I’m not sure whether it makes it better or worse, to get an earworm without even hearing the song first. I got this week’s earworm from Mark Steyn’s Song of the Week: “Nature Boy.”
“Nature Boy” is a particularly aggravating earworm for me, because I find it kind of pretty. It’s the lyrics I despise. There’s a fair number of such songs on my proscribed list—“Imagine,” “One Tin Soldier,” “Green, Green Grass of Home.” I’m particularly handicapped by being a former lyricist. Because of that, I actually listen to lyrics (I think there are about six people in the country who share such a curse). This has caused me considerable suffering over my lifetime.
“Nature Boy,” according to Steyn (and I have to believe him, although it strains credulity) was written by a very odd duck named eden ahbez (no capital letters). He was, we are informed, a sort of 1940s proto-hippy, wandering around Los Angeles in a robe and sandals, with long hair and beard, living on fruits, vegetables and nuts. Somehow he managed to pass a grubby manuscript of the song to Nat King Cole’s manager, and by chance Nat actually looked at it and liked it. And so “Nature Boy” became a national hit in 1948.
There was a boy
A very strange enchanted boy
They say he wandered very far
Over land and sea…
A little shy and sad of eye
But very wise was he.
It’s very clear from eden ahbez’ bio that the “strange enchanted boy” he’s describing is himself. The guy wrote a song about himself, and how wise he was.
Steyn doesn’t go into great detail about ahbez’ belief system, but it seems to have been much the same kind of Buddhist/Hindu/New Age stew that we’ve grown so sadly familiar with in our own times. So it shouldn’t be surprising that such a man would write a song in praise of himself. Humility really isn’t an important virtue to people who believe that the ultimate truth is that they are God. Or god. Or goddess. Or part of god.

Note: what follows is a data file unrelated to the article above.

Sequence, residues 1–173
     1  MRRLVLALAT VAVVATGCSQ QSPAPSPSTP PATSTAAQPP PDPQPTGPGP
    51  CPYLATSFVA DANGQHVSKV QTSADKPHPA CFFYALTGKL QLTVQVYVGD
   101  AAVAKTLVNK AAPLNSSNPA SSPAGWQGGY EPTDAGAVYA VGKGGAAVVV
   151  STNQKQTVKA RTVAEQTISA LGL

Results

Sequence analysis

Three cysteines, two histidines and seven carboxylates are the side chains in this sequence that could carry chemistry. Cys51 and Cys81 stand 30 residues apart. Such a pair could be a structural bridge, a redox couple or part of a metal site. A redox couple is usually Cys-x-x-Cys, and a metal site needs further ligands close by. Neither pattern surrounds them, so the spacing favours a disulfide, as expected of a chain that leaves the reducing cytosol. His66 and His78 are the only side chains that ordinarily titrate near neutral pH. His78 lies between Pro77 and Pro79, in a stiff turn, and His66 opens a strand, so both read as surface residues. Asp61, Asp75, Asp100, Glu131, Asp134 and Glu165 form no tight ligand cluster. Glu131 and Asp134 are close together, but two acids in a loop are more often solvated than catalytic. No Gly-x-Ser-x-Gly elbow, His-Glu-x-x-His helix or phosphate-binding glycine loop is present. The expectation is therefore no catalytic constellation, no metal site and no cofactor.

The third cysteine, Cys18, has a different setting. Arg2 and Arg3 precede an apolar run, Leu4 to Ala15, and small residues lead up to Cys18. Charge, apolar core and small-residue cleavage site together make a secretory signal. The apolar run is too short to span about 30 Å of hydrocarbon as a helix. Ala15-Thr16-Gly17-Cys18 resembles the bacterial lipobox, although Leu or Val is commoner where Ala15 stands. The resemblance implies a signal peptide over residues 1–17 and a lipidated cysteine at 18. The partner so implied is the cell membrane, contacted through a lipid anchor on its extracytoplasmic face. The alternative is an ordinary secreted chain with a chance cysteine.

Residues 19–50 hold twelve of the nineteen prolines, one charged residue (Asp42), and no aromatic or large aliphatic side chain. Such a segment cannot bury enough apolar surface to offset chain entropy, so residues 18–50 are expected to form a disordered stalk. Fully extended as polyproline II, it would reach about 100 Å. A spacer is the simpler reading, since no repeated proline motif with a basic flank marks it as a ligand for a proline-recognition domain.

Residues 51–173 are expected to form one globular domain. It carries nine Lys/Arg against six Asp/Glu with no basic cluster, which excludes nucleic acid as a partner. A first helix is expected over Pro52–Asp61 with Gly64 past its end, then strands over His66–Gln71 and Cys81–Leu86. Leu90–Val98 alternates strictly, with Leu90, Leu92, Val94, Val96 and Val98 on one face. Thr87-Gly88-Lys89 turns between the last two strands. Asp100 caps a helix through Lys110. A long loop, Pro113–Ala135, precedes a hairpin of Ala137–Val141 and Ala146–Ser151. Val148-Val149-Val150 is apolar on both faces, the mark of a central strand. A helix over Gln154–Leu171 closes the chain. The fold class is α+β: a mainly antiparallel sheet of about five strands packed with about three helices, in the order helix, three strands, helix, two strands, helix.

It’s just rare to see it stated so baldly.
And what is the wisdom that Nature Boy has condescended to share with us?
The greatest thing
You’ll ever learn
Is just to love and be loved in return.
Bold stuff, huh? Love is the answer. Love is all you need. What the world needs now is love, sweet love.
Not a fresh insight. I can think of Someone two thousand years before who said that the chief commandment was to love God, and the second was to love our neighbor as ourselves.
It puts me in mind of the 1960s comedian Jackie Vernon. Vernon was famous for doing his routines completely deadpan, and making most of his jokes about himself (he was an inspiration to me. No, let’s be honest—he was my role model). He had a routine (if I’m crediting the right comedian) about looking for the meaning of life. He told of hearing a rumor of a wise man who lived on top of a high mountain, who could tell him the Answer. So he saved his money, traveled far (over land and sea, I have no doubt), climbed the high mountain, and finally flopped down, exhausted, at the wise man’s feet.
“Tell me the meaning of life,” he gasped.
“Life,” said the wise man, “is deep well.”
“What?” Jackie replied. “I spend all my money, come all this way, climb this mountain, wear myself out, and all you tell me is that life is a deep well?”
“You mean life isn’t a deep well?” asked the wise man.
That’s how I see Nature Boy philosophy.
Christ talked about love too. But He didn’t just tell us to love each other and everything would be all right.
He understood that none of us can love anyone enough to fix his/her heart, and that no love we can receive from each other can fix what’s so desperately wrong with our own hearts.
Instead of just gassing about love, He went into battle against evil, laid down His life, and conquered Death itself.
He even did Nature Boy one better, by having two natures.